- freely available
- re-usable

*Algorithms*
**2012**,
*5*(4),
433-448;
doi:10.3390/a5040433

## Abstract

**:**Imperialist Competitive Algorithm (ICA) is a new population-based evolutionary algorithm. It divides its population of solutions into several sub-populations, and then searches for the optimal solution through two operations: assimilation and competition. The assimilation operation moves each non-best solution (called colony) in a sub-population toward the best solution (called imperialist) in the same sub-population. The competition operation removes a colony from the weakest sub-population and adds it to another sub-population. Previous work on ICA focuses mostly on improving the assimilation operation or replacing the assimilation operation with more powerful meta-heuristics, but none focuses on the improvement of the competition operation. Since the competition operation simply moves a colony (i.e., an inferior solution) from one sub-population to another sub-population, it incurs weak interaction among these sub-populations. This work proposes Interaction Enhanced ICA that strengthens the interaction among the imperialists of all sub-populations. The performance of Interaction Enhanced ICA is validated on a set of benchmark functions for global optimization. The results indicate that the performance of Interaction Enhanced ICA is superior to that of ICA and its existing variants.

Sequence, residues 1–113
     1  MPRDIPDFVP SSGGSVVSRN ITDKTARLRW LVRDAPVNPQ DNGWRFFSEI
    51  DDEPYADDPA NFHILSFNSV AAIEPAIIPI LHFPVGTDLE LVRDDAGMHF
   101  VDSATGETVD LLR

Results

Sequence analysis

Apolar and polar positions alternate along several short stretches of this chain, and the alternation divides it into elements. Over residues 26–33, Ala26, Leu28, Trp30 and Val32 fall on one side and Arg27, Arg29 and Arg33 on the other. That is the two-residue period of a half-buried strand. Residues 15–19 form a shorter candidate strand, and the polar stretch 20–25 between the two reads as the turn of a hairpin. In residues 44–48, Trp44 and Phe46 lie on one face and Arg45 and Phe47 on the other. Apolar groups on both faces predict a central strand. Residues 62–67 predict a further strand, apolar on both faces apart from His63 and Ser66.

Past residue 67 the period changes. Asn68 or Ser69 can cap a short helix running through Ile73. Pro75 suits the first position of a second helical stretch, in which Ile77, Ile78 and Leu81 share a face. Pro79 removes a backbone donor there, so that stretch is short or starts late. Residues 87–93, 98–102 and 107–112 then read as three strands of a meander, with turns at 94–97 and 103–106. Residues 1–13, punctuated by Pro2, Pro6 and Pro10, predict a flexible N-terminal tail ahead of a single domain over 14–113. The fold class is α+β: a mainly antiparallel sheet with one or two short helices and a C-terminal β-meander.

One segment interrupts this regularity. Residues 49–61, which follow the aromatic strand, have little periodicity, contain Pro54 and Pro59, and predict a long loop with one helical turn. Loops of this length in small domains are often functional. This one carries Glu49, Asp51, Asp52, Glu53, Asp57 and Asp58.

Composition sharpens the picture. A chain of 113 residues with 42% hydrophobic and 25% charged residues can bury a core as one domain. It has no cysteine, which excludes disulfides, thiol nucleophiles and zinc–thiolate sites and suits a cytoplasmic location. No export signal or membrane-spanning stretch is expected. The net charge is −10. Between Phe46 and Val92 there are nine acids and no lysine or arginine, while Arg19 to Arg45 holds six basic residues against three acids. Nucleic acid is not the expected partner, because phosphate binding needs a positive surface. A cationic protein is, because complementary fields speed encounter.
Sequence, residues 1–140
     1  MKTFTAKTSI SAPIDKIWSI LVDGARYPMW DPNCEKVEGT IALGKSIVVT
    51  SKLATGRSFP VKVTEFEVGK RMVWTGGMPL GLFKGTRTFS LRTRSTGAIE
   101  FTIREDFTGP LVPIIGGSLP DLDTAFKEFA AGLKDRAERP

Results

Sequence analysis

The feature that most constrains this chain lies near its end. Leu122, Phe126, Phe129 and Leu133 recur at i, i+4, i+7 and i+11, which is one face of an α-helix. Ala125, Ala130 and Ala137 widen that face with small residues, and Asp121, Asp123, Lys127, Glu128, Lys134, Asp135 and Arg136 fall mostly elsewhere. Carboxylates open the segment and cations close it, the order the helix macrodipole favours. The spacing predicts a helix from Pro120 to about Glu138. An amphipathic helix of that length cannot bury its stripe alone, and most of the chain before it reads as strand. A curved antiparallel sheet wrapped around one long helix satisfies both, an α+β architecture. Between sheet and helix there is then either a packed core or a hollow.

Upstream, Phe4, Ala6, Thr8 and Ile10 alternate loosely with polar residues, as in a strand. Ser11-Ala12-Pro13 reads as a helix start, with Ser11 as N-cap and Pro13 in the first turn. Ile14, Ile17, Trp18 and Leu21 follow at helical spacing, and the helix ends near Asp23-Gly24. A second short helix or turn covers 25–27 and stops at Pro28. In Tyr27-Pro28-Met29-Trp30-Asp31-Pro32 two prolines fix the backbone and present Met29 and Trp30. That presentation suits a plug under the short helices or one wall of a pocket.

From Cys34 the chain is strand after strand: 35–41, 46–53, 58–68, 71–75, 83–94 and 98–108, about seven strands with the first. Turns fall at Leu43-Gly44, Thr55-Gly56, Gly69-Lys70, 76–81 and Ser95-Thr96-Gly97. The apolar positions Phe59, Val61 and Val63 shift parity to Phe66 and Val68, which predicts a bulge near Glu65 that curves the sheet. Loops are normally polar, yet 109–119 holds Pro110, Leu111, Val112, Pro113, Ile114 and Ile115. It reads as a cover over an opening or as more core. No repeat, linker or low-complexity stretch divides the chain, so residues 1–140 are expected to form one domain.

## 1. Introduction